Magna CartaThe BLS Library has two books on the subject of the Magna Carta that are well worth reading. From the perspective of the English is Magna Carta by J.C. Holt (Call # JN147 .H64 1992) which sets the events of 1215 and the Charter itself in the context of the law, politics and administration of England and Europe in the twelfth and thirteenth centuries. The book has a chapter on justice and jurisdiction that provides a fresh approach to the legal provisions of the Charter that were to prove so enduring, along with appendices on matters as varied as vernacular translations of the Charter and grants of liberties in perpetuity.

MC TTThe second book is Magna Carta: Text and Commentary by A. E. Dick Howard (Call #KD3946 .H69 1998). This edition is geared towards the American perspective in which the author places the charter in context of the extraordinary surge of constitutionalism in the aftermath of the Cold War. The book is a cogent introduction to Magna Carta that students everywhere can readily appreciate.

BLS to Join US Patent Office’s Clinic Pilot Program

ptoBrooklyn Law School has been selected as one of 19 law schools to join the U.S. Patent and Trademark Office (USPTO) Law School Clinic Certification Pilot Program this fall.  Currently there are 28 law schools participating in the Program.  BLS  will participate specifically in the Patent practice area of the  Program.

The Law School Clinic Certification Pilot program allows law students enrolled in a participating law school’s clinic program to practice Intellectual Property Law before the USPTO under the strict guidance of a Law School Faculty Clinic Supervisor.

Students gain experience drafting and filing either patent applications or trademark applications for clients of the law school clinic.  Further, as they are authorized to practice before the USPTO, they gain experience answering Office Actions and communicating with either patent examiners or trademark examining attorneys for the applications they have filed.


Death Penalty Ruled Unconstitutional

Death PenaltyAfter the recent July 16, 2014 Order Declaring California’s Death Penalty System Unconstitutional by the United States District Court for the Central District Of California in the case of Jones v. Chappell, users at the Brooklyn Law School Library may want to review the second edition of The Death Penalty in the United States: A Complete Guide to Federal and State Laws by Louis J. Palmer Jr. (Call #KF9725 .P35 2014). According to the publisher, the new edition includes 13 new chapters. Areas covered by some of the new chapters include Capital felon’s defense team; Habeas corpus, coram nobis and section 1983 proceedings; the Innocence protection act and post-conviction DNA testing; Challenging the death sentence under racial justice acts; Inhabited American territories and capital punishment; and the Costs of capital punishment.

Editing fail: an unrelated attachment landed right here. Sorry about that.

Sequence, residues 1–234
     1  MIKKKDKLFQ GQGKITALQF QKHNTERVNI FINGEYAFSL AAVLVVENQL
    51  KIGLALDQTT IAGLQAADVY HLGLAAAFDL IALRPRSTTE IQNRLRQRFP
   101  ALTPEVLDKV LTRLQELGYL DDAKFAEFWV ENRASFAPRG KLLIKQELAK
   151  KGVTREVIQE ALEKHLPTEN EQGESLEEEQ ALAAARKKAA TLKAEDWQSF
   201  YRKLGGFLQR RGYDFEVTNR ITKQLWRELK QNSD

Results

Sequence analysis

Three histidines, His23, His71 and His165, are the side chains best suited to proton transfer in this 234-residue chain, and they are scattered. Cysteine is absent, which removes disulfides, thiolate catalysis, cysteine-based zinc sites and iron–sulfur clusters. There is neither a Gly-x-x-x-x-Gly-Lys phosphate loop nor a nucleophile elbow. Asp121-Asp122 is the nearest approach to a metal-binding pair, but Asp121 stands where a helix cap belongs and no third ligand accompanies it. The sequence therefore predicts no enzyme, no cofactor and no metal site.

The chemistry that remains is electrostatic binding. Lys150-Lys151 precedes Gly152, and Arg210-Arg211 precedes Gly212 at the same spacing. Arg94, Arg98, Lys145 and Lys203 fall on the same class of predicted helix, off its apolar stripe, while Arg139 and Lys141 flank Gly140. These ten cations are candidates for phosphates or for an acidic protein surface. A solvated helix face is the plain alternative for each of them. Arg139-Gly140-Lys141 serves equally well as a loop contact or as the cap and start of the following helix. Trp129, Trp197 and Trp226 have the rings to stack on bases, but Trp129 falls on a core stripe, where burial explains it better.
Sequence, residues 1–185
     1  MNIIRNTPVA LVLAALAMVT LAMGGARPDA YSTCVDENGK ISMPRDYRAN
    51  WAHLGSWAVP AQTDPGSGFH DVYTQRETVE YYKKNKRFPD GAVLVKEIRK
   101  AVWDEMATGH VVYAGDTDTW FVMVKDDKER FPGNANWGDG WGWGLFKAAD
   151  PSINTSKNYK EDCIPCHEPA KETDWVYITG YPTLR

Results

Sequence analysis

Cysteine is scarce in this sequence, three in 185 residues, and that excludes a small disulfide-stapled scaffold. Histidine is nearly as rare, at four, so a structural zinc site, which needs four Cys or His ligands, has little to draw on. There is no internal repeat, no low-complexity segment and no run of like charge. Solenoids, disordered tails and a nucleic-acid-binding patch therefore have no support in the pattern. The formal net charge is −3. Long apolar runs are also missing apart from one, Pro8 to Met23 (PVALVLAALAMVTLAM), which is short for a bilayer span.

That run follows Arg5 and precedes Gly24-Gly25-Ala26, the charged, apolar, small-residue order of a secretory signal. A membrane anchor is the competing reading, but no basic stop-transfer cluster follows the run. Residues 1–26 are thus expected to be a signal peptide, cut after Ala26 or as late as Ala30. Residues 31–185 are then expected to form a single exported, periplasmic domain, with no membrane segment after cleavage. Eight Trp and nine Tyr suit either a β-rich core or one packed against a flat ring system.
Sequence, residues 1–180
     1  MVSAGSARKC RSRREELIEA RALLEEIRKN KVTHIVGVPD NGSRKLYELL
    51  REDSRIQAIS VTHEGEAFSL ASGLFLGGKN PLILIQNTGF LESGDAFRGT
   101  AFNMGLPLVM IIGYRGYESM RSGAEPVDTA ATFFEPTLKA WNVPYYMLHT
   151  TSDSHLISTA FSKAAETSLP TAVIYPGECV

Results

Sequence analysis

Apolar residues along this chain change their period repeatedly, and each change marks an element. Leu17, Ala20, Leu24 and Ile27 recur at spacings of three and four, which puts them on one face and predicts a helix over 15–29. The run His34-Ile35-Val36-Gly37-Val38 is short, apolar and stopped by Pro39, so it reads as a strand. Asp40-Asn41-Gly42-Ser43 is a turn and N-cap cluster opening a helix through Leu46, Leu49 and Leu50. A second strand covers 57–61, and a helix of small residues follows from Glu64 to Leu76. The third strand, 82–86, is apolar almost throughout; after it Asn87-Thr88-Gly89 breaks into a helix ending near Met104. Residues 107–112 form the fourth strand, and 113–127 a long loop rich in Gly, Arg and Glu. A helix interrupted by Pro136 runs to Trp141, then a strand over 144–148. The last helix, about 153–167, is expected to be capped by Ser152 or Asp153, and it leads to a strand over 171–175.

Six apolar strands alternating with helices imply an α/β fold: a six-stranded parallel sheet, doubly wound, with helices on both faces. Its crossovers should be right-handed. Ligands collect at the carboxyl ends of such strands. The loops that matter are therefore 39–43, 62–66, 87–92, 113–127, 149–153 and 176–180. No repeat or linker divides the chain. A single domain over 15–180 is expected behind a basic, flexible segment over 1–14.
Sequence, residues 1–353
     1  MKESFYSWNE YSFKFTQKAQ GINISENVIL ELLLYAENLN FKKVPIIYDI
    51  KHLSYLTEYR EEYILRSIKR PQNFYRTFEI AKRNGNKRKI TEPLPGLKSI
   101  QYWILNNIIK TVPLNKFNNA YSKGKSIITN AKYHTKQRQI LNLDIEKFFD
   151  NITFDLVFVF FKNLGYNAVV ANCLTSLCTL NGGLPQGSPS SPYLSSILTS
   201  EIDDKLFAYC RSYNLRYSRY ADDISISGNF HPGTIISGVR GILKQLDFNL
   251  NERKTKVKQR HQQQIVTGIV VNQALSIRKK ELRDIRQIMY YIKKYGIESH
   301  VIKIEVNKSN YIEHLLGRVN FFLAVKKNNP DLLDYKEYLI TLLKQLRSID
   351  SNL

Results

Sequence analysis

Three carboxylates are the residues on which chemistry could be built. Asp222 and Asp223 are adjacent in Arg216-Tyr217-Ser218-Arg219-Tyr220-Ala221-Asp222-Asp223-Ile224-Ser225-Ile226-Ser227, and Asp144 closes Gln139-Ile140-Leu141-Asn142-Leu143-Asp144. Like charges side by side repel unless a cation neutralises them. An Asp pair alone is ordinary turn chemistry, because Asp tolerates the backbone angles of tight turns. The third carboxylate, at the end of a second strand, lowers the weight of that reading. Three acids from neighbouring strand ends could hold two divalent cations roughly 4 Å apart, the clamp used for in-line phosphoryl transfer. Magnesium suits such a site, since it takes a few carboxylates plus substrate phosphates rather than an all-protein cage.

The opinion by the federal district judge will be the talk of the death penalty community in the near future and is likely to be appealed to the Ninth Circuit (and perhaps the Supreme Court). The opinion 29-page opinion starts and ends as follows:

On April 7, 1995, Petitioner Ernest Dewayne Jones was condemned to death by the State of California. Nearly two decades later, Mr. Jones remains on California’s Death Row, awaiting his execution, but with complete uncertainty as to when, or even whether, it will ever come. Mr. Jones is not alone. Since 1978, when the current death penalty system was adopted by California voters, over 900 people have been sentenced to death for their crimes. Of them, only 13 have been executed. For the rest, the dysfunctional administration of California’s death penalty system has resulted, and will continue to result, in an inordinate and unpredictable period of delay preceding their actual execution. Indeed, for most, systemic delay has made their execution so unlikely that the death sentence carefully and deliberately imposed by the jury has been quietly transformed into one no rational jury or legislature could ever impose: life in prison, with the remote possibility of death. As for the random few for whom execution does become a reality, they will have languished for so long on Death Row that their execution will serve no retributive or deterrent purpose and will be arbitrary.